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Clinical effect of cidofovir and a diet supplemented with Spirulina platensis in white spot syndrome virus (WSSV) infected specific pathogen-free Litopenaeus vannamei juveniles
Rahman, M.M.; Escobedo-Bonilla, C.M.; Wille, M.; Sanz, V.A.; Audoorn, L.; Neyts, J.; Pensaert, M.B.; Sorgeloos, P.; Nauwynck, H.J. (2006). Clinical effect of cidofovir and a diet supplemented with Spirulina platensis in white spot syndrome virus (WSSV) infected specific pathogen-free Litopenaeus vannamei juveniles. Aquaculture 255(1-4): 600-605. dx.doi.org/10.1016/j.aquaculture.2005.10.050
In: Aquaculture. Elsevier: Amsterdam; London; New York; Oxford; Tokyo. ISSN 0044-8486, more
Peer reviewed article  

Available in  Authors 
    VLIZ: Open Repository 280207 [ OMA ]

Keywords
    Litopenaeus vannamei (Boone, 1931) [WoRMS]; Spirulina Turpin ex Gomont, 1892 [WoRMS]
Author keywords
    Litopenaeus vannamei; SPF; WSSV; antiviral; cidofovir; Spirulina

Authors  Top 
  • Rahman, M.M., more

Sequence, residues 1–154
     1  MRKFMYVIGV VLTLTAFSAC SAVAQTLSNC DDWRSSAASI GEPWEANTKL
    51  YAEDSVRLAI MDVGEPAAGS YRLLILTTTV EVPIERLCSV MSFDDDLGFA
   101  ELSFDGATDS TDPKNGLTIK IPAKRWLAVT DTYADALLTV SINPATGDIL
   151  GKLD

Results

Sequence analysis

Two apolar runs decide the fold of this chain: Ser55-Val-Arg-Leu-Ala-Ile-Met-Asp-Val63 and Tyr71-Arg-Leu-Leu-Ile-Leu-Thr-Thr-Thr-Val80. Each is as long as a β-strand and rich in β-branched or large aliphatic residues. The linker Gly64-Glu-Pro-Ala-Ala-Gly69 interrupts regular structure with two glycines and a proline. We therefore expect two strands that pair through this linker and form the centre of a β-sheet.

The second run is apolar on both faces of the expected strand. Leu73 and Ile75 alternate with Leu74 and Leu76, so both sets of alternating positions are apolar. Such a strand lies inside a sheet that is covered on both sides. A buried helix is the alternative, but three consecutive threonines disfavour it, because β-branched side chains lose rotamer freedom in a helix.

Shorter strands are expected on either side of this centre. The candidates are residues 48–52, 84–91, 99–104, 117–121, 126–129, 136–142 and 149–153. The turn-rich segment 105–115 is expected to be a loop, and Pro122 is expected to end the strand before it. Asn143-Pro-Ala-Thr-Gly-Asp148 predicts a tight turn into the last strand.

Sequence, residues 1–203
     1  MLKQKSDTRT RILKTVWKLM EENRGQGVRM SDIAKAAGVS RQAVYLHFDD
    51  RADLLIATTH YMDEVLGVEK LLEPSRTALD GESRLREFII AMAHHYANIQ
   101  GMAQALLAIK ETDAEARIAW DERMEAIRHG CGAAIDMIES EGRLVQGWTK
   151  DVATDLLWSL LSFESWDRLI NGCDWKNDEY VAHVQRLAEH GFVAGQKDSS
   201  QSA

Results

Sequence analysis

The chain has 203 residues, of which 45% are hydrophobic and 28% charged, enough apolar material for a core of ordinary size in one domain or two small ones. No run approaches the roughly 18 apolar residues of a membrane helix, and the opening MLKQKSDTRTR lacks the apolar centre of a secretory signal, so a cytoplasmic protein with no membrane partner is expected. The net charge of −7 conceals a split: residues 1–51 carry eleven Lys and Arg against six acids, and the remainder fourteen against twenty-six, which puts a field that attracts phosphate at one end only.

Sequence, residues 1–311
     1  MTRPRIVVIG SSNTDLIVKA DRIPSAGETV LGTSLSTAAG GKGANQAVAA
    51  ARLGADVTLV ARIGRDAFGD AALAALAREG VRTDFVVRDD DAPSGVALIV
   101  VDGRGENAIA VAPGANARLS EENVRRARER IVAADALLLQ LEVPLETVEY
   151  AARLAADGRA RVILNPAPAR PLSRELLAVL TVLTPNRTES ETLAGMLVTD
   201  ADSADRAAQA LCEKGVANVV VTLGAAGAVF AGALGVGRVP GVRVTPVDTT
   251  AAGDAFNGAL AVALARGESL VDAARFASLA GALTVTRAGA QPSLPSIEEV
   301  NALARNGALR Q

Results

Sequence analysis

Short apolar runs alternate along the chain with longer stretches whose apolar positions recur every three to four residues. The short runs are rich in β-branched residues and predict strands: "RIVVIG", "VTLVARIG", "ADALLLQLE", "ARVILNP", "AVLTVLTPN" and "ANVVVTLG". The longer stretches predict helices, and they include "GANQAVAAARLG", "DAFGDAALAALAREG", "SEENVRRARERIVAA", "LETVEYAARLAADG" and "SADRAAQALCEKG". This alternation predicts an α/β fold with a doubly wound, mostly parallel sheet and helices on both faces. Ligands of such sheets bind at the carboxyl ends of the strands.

• Escobedo-Bonilla, C.M., more
  • Wille, M., more
  • Sanz, V.A.
  • Audoorn, L.
  • Neyts, J.
  • Pensaert, M.B., more
  • Sorgeloos, P., more
  • Nauwynck, H.J., more

Abstract
    The antiviral product cidofovir and a diet supplemented with Spirulina platensis were tested for their efficacy to prevent or delay/reduce mortality due to white spot syndrome virus (WSSV) infection in specific pathogen free (SPF) shrimp Litopenaeus vannamei juveniles. Cidofovir was injected intramuscularly at 200 mg/kg shrimp mean body weight (MBW) at the moment of WSSV challenge. Spirulina was supplemented in the shrimp diet at 25% w/w and shrimp were fed for 4 days at 5% of the MBW per day before WSSV challenge. Shrimp were inoculated orally with WSSV at a dose of 30 SID50 (SID50=shrimp infectious dose with 50% endpoint) and clinical signs and mortality were followed for 120 h post inoculation (hpi). WSSV infection status was determined by indirect immunoflourescence (IIF) in dead and survivor shrimp at the end of the trial. In two experiments, mortality was delayed approximately for 24 h by cidofovir treatment. The 100% mortality level was reached at 96-108 hpi in mock treated shrimp, whereas in cidofovir treated shrimp, 80-90% mortality was reached at the end of experiment (120 hpi). Significant differences (p < 0.05) in the median lethal time (LT50) of cidofovir-treated shrimp and mock-treated shrimp were found by probit analysis. A Spirulina supplemented diet delayed the onset of clinical signs for 12 h but had no effect on the cumulative mortality at the end of the experiment. This study opens perspectives for antiviral drugs to treat shrimp infected with WSSV.

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